Experimental evidence for predation risk sensitive oviposition by a mosquito, Culiseta longiareolata


Leon Blaustein, Laboratory for Community Ecology, Institute of Evolution, University of Haifa, Haifa 31905, Israel. E-mail: leon@research.haifa.ac.il


1. Females should choose to oviposit in habitats where risk of predation and competition are low. The ovipositional responses of a mosquito, Culiseta longiareolata, to a predator and to species sharing the same trophic level as this mosquito (controphic species) were assessed experimentally in outdoor artificial pools.

2. The predator, larval Anax imperator, which strongly reduced larval C. longiareolata survival, resulted in a 52% reduction of C. longiareolata egg rafts. The controphic species (primarily Daphnia magna), which had a small but statistically significant negative effect on the survival of C. longiareolata larvae, did not have a statistically significant influence on the number of egg rafts.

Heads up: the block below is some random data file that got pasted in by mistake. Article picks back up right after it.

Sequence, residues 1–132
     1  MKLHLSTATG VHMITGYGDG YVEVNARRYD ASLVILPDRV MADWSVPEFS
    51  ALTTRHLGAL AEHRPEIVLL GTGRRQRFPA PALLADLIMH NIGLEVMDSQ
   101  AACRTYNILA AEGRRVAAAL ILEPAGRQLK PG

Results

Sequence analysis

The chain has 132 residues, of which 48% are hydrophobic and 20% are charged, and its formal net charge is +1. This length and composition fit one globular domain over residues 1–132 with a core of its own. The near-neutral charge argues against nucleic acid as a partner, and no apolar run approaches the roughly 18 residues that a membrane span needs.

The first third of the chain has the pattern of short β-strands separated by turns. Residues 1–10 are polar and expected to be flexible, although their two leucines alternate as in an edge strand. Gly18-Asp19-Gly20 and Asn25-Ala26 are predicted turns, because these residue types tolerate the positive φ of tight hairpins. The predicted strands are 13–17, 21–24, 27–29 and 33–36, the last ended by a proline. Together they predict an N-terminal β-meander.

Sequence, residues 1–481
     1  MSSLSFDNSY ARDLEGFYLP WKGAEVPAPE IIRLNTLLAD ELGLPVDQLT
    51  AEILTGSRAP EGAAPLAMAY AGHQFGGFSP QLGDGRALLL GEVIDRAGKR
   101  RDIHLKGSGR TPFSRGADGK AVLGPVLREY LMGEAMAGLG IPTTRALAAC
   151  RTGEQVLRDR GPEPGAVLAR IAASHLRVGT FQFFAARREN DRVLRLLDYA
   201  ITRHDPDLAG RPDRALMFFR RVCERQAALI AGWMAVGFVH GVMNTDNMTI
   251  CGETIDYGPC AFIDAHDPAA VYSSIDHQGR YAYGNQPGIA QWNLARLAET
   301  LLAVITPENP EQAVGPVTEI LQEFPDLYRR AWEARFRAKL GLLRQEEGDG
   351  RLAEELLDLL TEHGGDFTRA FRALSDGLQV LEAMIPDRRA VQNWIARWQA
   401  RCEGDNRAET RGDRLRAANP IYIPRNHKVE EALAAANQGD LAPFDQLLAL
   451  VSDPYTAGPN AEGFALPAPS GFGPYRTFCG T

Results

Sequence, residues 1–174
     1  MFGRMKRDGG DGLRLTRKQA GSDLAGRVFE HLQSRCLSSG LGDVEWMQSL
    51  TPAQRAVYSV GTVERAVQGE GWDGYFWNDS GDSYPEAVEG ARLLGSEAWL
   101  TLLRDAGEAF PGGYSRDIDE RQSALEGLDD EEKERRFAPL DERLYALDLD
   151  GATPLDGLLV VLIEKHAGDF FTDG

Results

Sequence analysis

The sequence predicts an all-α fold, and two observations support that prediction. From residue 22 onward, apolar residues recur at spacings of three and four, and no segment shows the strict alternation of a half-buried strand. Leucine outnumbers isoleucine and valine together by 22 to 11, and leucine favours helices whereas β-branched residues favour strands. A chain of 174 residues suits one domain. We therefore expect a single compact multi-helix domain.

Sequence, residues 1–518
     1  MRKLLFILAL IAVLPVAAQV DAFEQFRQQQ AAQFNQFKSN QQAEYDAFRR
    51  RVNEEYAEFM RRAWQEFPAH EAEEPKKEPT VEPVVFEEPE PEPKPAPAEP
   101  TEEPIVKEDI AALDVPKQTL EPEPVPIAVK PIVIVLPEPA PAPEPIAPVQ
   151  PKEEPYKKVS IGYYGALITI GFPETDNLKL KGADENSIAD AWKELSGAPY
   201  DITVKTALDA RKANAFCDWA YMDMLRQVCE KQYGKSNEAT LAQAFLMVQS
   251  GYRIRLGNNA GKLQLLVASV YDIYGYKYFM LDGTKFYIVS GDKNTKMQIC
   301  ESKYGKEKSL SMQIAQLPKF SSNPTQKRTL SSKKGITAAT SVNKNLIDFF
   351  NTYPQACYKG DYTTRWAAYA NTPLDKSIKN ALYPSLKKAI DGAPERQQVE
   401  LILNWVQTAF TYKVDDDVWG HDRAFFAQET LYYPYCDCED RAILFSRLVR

3. Laboratory trials indicated that only a small fraction of the reduced number of egg rafts seen in predator pools may be due to consumption of the egg rafts by A. imperator.

4. The experimental evidence indicates that the reduced number of C. longiareolata egg rafts found in the presence of A. imperator is due largely to oviposition habitat selection, i.e. C. longiareolata females choose pools with low risk of predation for their offspring.